The Back to the Future movies are cleverly written and well acted, so they are fun to watch over and over again. Until Doc Brown finds a way to convert a DeLorean automobile into a TARDIS, though, the three movies will be nothing more than entertaining fiction. (Sorry about that, Cubs fans, but the movies also put an American League team in Miami, so the prediction was doomed anyhow.)



The grammar Dalek

My name is Salvageable, and I am a grammar Dalek.

I resist the term grammar Nazi, because Nazis really existed in Earth history and really did some terrible things that led to death and suffering and destruction. In history classes, people need to be reminded of the Nazis. In talking about infinitives and prepositions, I prefer to think of Daleks, those monsters invented for the television show Doctor Who. They are pretty terrible as well, but at least the suffering and death and destruction they cause is only in a world of fiction, not in this real world.

As a grammar Dalek, I want to exterminate all sentences which end with prepositions. I realize that today’s English teachers say that prepositions are allowed to end sentences, but I disagree. Given a little time and imagination, any sentence ending with a preposition can be altered into a better sentence. Sorry, Obi-wan, but “These are not the droids you seek” is a better sentence.

As a grammar Dalek, I want to exterminate split infinitives. In most languages the infinitive form of the verb is one word, and no one would dream of sticking another word in the middle of that word. In English, some people feel that adverbs make a sentence stronger when placed in the middle of an infinitive. I know we’ve heard it hundreds of times and it’s hard to imagine the phrase being improved, but “to boldly go where no man has gone before” is just wrong.

As a grammar Dalek, I want people to use the words “less” and “fewer” correctly. If you can count the objects you are describing, a smaller number of objects are fewer. Only if you cannot count them is a smaller number less. You can drink less beer, but you should drink fewer glasses of beer.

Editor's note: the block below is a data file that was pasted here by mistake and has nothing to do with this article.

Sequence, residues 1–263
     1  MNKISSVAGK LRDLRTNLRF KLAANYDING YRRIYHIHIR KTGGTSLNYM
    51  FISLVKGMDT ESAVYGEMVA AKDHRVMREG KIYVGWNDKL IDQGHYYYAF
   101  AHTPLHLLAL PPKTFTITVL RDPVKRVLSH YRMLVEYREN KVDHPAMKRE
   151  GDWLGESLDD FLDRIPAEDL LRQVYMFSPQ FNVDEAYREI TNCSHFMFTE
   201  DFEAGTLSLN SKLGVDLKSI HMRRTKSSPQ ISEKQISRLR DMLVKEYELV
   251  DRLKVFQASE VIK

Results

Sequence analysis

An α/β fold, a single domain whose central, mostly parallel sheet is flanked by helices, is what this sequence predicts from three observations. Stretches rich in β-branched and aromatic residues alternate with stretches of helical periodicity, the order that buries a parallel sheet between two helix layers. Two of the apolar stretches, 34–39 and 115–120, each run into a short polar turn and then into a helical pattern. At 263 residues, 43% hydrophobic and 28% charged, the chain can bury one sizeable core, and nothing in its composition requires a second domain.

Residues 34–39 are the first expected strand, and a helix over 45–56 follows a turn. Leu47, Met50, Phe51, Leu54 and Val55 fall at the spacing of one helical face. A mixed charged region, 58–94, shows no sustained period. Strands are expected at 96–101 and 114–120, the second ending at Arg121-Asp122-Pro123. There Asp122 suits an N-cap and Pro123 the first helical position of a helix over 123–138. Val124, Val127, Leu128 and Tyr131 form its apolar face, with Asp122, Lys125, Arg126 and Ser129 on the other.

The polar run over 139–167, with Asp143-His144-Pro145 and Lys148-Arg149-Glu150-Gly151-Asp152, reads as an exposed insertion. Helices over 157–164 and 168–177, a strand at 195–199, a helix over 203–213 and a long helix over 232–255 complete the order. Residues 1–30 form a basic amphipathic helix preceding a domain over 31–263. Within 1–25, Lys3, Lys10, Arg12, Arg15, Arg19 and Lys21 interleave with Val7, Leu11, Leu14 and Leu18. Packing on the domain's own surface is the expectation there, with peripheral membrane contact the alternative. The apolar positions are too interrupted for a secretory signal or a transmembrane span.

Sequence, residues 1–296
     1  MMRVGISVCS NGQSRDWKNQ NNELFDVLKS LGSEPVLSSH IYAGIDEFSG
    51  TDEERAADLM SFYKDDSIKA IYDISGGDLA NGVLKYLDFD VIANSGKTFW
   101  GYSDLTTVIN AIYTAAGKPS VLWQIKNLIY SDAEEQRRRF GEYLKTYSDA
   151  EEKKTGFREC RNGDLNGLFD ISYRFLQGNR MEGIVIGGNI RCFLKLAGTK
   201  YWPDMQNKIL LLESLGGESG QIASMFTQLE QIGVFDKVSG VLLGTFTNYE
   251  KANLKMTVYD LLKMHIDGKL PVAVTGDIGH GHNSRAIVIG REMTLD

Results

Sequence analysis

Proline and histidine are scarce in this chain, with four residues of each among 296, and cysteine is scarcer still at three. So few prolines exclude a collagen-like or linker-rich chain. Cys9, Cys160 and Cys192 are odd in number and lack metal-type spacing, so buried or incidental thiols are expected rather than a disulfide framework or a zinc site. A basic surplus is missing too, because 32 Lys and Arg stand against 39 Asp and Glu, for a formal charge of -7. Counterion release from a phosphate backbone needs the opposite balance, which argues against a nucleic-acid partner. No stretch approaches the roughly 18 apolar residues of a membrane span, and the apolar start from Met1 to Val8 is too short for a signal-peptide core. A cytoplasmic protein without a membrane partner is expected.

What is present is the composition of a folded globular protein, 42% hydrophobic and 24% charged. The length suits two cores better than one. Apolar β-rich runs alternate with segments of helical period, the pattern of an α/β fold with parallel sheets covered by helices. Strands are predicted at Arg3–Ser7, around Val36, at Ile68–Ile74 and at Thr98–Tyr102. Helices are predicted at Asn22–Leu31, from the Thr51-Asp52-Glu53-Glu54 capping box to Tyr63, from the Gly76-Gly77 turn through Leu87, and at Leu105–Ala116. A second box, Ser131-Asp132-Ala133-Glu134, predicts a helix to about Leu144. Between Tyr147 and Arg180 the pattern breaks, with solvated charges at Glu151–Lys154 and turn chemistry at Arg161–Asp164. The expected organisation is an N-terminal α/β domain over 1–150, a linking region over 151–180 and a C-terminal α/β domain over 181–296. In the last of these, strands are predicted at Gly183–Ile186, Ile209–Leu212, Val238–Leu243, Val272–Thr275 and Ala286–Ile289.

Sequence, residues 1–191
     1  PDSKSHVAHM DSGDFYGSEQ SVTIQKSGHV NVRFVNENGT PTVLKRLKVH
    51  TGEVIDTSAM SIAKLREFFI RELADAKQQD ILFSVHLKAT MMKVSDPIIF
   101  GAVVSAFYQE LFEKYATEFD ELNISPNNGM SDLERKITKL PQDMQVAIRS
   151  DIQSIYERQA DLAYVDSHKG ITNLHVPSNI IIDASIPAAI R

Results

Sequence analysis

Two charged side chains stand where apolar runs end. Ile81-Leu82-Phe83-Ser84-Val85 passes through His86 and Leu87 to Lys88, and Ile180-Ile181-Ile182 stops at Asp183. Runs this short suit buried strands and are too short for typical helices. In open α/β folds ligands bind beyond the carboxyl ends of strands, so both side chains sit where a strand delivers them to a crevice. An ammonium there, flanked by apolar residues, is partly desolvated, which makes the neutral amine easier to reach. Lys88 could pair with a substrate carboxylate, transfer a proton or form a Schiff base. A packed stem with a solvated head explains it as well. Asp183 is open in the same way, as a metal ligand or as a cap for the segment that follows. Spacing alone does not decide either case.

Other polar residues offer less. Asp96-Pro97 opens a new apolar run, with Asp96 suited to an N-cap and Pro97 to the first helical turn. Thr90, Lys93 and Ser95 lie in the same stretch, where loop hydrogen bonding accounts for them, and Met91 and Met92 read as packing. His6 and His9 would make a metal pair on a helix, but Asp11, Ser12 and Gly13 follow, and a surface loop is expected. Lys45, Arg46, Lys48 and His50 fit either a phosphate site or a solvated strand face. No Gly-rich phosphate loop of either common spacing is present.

As a grammar Dalek, I want people to stop using “literally” for emphasis. If you literally died of embarrassment, you would not be here to talk about it today.

As a grammar Dalek, I want people to learn the difference between “nauseous” and “nauseated.” That which causes nausea is nauseous, but the one feeling the nausea is nauseated. Granted, if you give in to the symptoms of nausea, you may nauseate me, meaning that you are both nauseated and nauseous. If, however, you are talking about your feelings and not my feelings, please stick with nauseated.

As a grammar Dalek, I want English-speaking people everywhere to know their pronouns. If you wouldn’t say, “Me went to the store,” why do you say, “Joe and me went to the store”? If you wouldn’t say, “A tree fell on I,” why do you say, “A tree fell on Joe and I”?

As a grammar Dalek, I strongly support the use of Oxford commas. In the sentence, “A tree fell on Billy, Joe, and me,” the comma between “Joe” and “and” is as important as any other comma in the sentence.

Clear communication begins with good grammar. If you want people to hear what you say, say it the right way. And let’s be careful out there.


Doctor Who

Chances are that either you know who Doctor Who is or you don’t care. Aside from commenting that Doctor Who is a British science fiction television show that has been broadcast, off and on, since 1963, I don’t feel the need to offer a long description and explanation of the show.

The first time I saw Doctor Who on television was New Year’s Eve. I’m not sure of the year, but it was some time around 1980. My parents were out for the evening, I was home alone and bored, so I turned on the television to see what was showing. I joined an episode called “The Pirate Planet” in progress. That episode was a good introduction to Doctor Who, although it took me a while to figure out what was happening, particularly since I was assembling a jigsaw puzzle while watching the show.